A few updates on “Us Too”, PERS, and Class and Comp grievances and two ULPs.
A presentation by the Labor Arbitration Institute
LCCEF officers go through training as part of their positions. As Grievance Chair I was lucky enough to attend a class on Advanced Grievances in Winter School in 2017 given by Rodolfo Palma. If you have an interest in grievances, or want to know more about what a grievance is and how to handle it, read on.
As always, if you have questions, don’t hesitate to contact me at email@example.com.
As a classified employee you have certain rights but are you aware of what those rights are? Many employees mistakenly confuse a gripe or a complaint with a grievance. This brief article will attempt to explain the difference.
A grievance is a violation of the Collective Bargaining Agreement (CBA) between CSEA and the District. The CBA is what is commonly referred to as “your contract.” A grievance is defined under the grievance article but generally is a denial of a specific section of the contract. For example, you would file a grievance if your supervisor refused to pay time and a half for overtime worked.
A complaint is not a violation of the contract. Although an employee may believe that they are being treated unfairly, if there is no contractual violation, there is no grievance. A good example would be when two classified employees do not get along or have an argument. There is no contractual violation so a grievance cannot be filed. In these cases the employee must forward the complaint to their supervisor. LCC administration encourages employees to forward complaints, however the policy is not specific. If you have a complaint, speak to your supervisor. If you do not receive a satisfactory response, put your complaint in writing and forward it up the internal LCC administration chain.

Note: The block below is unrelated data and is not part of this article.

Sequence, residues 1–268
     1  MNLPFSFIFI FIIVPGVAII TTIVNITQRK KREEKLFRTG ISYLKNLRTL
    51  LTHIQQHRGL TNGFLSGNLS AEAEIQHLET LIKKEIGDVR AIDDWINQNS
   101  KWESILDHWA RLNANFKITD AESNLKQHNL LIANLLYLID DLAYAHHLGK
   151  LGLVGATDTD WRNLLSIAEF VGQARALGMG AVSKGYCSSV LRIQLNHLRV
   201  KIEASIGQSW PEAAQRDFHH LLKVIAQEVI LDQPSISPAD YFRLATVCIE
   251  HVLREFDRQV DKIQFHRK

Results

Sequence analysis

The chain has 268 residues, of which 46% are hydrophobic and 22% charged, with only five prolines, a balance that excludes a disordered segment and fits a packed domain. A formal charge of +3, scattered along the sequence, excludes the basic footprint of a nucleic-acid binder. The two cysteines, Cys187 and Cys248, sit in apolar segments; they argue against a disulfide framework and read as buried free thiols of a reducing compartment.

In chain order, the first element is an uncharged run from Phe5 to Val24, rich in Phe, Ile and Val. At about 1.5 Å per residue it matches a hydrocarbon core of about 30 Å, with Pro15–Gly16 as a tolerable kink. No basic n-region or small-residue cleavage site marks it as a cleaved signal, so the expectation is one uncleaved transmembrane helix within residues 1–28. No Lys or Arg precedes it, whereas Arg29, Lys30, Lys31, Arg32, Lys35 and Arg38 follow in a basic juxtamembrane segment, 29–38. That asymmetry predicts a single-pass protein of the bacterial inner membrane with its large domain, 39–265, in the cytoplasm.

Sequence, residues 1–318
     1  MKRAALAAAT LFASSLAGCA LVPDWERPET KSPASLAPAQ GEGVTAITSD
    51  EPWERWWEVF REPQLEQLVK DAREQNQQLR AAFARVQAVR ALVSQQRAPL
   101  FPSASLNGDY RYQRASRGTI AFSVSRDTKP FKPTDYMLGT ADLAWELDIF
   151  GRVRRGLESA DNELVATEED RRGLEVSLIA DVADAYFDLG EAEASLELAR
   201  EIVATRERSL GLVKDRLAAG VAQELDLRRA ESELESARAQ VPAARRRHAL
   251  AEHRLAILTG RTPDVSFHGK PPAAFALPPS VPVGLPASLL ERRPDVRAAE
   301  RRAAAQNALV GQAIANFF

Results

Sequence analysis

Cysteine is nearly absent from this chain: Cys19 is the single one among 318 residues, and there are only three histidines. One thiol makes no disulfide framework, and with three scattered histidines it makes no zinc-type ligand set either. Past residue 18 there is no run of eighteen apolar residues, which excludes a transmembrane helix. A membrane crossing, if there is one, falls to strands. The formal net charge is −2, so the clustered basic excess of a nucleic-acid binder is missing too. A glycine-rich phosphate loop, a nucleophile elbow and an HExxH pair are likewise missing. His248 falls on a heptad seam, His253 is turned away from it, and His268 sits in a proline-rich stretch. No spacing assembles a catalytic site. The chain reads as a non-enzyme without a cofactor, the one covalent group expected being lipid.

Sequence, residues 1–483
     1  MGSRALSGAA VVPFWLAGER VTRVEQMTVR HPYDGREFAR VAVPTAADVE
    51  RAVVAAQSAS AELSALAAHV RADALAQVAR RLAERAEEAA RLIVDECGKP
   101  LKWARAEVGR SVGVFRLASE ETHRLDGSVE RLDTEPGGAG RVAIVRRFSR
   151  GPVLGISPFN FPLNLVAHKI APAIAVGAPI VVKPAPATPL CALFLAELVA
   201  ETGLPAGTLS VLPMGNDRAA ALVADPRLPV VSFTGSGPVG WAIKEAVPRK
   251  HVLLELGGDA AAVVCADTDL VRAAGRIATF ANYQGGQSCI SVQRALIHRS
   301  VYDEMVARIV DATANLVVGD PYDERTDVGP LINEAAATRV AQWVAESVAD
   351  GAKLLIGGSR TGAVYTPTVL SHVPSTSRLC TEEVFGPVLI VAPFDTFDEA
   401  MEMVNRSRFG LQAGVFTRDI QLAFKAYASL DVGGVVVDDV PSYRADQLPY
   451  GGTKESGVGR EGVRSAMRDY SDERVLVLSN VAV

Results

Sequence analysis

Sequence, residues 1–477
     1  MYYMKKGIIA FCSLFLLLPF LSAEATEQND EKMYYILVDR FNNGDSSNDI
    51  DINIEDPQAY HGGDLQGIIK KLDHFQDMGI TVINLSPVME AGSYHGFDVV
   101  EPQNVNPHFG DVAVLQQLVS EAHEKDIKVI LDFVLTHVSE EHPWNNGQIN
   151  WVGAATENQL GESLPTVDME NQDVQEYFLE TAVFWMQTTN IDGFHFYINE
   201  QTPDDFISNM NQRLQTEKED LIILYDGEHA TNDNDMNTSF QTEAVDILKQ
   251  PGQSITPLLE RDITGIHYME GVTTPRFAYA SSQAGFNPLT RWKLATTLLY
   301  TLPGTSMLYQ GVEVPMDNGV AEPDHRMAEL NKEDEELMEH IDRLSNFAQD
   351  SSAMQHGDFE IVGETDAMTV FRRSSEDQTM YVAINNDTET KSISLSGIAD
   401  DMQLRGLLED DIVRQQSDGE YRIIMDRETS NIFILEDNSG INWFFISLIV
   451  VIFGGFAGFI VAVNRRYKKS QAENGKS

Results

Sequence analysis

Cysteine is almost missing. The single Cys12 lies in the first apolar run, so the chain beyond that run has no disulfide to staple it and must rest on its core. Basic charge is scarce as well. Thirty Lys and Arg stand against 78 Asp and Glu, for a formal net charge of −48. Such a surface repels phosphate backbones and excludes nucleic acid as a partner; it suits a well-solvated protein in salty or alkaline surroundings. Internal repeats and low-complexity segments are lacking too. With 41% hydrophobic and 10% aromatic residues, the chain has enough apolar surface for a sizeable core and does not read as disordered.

What is a gripe? Many employees call me regarding what they believe are legitimate grievances when in fact they just have a gripe. A gripe is not a contractual violation and may not be a complaint. A gripe may be something that you believe is unfair or unjust but is not unlawful. For example, if your supervisor or co-worker “treats you differently” but that treatment does not rise to the level of discrimination. The best way to describe this is when two employees just don’t get along. There is nothing legal or contractual that mandates that employees like each other or become friends.
Should you have any questions or concerns about conditions of employment please contact a LCCEF Grievance Chair Dawn Rupp or Area Steward as soon as possible.